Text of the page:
Recollecting the two sets of performances many years later, Lord Harewood was unequivocal in his preference for those with Jurinac, whom he judged the most complete and affecting Butterfly in his long experience. Roger Beardsley, who remastered these tapes, likewise came to prefer Jurinac’s interpretation for its humanity and tragic dimension. My own allegiance to the unique natural innocence of De los Angeles may partly be explained by the power of first impression, but listening now to this recording more than 50 years after it was made brings a fresh perspective. Instinct tells me that Kempe was right to keep it moving in a score which can threaten to tip over into sentimentality. Yet, experience has taught me that a big theatre often demands broader tempi if detail is not to be lost. And detail is what Jurinac provides. You cannot imagine her saying, as did De los Angeles, ‘I never had to think about technique when singing it. I never thought ‘Now this note is coming’ or ‘Now I have to do so-and-so.’ I could just give myself totally to the role’. Rather, you sense that Jurinac has lost some of the artless naturalness that so charmed her early listeners. Paradoxically, she has become more studied but also more emotionally involving. For example, note how she manages, within the broad sweep of the aria beginning Un bel di to inflect the little questions ‘Chi sarà, chi sarà? E come sarà giunto? Che dirà, che dirà?’ with short vowels and a kind of quizzical playfulness; or, after her final outpouring of love for her son, the choked ‘Va, gioca, gioca!’ Then you appreciate how every little detail contributes to the cumulative arc which describes Butterfly’s journey in Part 2.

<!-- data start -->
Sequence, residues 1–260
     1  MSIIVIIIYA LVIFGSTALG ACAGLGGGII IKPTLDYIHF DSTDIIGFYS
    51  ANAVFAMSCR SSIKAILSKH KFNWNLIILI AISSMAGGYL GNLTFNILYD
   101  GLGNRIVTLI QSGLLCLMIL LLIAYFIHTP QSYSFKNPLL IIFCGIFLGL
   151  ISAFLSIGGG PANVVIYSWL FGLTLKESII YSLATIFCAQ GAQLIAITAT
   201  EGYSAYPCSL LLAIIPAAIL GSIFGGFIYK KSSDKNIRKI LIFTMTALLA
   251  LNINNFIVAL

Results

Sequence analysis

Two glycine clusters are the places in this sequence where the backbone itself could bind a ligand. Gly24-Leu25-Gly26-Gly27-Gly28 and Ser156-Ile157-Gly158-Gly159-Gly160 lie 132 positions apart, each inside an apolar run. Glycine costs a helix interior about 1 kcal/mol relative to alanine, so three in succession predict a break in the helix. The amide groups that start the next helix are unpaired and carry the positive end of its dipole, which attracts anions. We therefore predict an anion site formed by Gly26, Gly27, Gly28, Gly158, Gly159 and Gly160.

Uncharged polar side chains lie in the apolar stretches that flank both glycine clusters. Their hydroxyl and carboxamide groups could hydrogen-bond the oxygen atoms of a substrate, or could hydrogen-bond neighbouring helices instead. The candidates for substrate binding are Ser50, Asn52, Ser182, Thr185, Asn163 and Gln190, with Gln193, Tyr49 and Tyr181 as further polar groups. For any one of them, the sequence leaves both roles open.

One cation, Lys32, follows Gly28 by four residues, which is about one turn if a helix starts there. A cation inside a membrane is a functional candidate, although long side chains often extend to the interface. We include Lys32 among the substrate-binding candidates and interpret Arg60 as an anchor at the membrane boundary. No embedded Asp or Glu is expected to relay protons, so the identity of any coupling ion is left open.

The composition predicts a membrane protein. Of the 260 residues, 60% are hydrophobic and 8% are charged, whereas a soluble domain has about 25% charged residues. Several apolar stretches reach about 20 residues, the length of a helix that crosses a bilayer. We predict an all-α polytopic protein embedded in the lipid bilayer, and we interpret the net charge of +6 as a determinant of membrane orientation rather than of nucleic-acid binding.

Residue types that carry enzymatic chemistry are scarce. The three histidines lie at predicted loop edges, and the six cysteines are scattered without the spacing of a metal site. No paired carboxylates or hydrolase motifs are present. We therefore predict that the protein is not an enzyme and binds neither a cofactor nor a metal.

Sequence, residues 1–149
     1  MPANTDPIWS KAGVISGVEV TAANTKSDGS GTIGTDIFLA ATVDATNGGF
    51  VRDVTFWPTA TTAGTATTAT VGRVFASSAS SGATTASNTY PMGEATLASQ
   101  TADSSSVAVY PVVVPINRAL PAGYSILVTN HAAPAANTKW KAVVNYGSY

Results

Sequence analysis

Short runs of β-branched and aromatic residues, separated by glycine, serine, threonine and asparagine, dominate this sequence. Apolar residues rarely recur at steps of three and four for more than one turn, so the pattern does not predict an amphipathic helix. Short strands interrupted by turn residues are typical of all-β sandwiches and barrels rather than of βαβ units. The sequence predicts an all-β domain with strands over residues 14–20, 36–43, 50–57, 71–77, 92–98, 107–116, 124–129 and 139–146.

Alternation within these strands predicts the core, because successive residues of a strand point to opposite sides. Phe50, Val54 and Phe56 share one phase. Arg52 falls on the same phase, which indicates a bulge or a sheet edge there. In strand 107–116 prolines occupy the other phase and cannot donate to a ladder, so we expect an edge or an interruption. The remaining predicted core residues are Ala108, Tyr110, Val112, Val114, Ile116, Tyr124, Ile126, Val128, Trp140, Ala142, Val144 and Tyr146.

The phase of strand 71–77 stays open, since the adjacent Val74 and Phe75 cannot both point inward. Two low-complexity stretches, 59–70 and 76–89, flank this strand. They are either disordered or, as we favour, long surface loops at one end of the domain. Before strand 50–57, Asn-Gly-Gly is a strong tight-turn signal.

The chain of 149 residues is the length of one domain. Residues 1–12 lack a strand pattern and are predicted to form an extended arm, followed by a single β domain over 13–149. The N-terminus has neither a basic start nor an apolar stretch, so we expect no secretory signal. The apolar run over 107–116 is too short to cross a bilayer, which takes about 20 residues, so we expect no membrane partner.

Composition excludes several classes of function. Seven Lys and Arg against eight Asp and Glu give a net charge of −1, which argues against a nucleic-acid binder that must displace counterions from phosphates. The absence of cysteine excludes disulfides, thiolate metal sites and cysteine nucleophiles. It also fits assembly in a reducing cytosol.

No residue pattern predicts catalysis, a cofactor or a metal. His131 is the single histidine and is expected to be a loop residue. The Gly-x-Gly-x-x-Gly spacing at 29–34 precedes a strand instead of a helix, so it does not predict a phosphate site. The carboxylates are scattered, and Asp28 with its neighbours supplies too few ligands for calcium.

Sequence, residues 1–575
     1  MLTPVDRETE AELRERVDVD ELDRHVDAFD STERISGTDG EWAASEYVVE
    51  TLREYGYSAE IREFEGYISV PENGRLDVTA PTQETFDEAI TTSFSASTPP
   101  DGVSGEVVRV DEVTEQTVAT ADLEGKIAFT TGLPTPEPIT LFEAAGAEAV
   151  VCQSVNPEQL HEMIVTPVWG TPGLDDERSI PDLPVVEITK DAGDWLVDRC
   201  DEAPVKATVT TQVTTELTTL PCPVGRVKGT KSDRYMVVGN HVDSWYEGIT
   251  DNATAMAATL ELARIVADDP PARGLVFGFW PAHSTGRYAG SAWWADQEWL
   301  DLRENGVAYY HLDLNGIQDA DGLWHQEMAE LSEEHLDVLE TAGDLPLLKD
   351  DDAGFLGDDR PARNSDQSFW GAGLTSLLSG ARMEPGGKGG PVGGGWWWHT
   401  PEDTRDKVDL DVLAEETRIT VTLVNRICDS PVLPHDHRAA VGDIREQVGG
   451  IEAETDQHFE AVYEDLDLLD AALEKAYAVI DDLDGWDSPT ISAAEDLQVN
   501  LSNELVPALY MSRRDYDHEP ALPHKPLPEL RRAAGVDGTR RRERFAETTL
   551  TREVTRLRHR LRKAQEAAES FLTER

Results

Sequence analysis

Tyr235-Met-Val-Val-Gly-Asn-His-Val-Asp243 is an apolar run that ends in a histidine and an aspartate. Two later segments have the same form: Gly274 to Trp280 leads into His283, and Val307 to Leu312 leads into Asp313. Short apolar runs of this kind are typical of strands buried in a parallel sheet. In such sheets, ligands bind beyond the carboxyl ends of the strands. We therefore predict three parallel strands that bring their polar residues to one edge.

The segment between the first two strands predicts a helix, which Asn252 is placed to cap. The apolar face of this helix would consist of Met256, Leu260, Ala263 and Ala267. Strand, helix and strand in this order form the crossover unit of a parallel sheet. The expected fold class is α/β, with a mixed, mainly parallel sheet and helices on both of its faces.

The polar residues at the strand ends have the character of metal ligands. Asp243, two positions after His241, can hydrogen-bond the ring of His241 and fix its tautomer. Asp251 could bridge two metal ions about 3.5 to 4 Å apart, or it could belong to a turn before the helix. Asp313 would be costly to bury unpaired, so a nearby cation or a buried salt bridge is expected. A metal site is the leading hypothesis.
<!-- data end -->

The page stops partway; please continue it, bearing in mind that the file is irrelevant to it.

Covent Garden’s production of Madama Butterfly had been directed by Robert Helpmann with simple but beautifully evocative designs by Sophie Fedorovitch. When I launched my first season as Director of the Royal Opera in 1993, I chose to do so with the final outing of that production. Alas, the singing was no longer of the former quality, a reminder of what had been lost in realising these operas today, but also of what has been gained by preserving these historical live recordings. Perhaps surprisingly, the only more modern singer to stand comparison with my early experiences of the piece with De los Angeles, Jurinac and Scotto has been the Polish soprano Magdalena Falewicz in the long-lasting production by Joachim Herz of the original version. It takes artists of this calibre to administer the cathartic shock that first hit me all those years ago at Covent Garden. This finely preserved performance with Sena Jurinac certainly delivers on that count.

Covent Garden’s production of Madama Butterfly had been directed by Robert Helpmann with simple but beautifully evocative designs by Sophie Fedorovitch. When I launched my first season as Director of the Royal Opera in 1993, I chose to do so with the final outing of that production. Alas, the singing was no longer of the former quality, a reminder of what had been lost in realising these operas today, but also of what has been gained by preserving these historical live recordings. Perhaps surprisingly, the only more modern singer to stand comparison with my early experiences of the piece with De los Angeles, Jurinac and Scotto has been the Polish soprano Magdalena Falewicz in the long-lasting production by Joachim Herz of the original version. It takes artists of this calibre to administer the cathartic shock that first hit me all those years ago at Covent Garden. This finely preserved performance with Sena Jurinac certainly delivers on that count.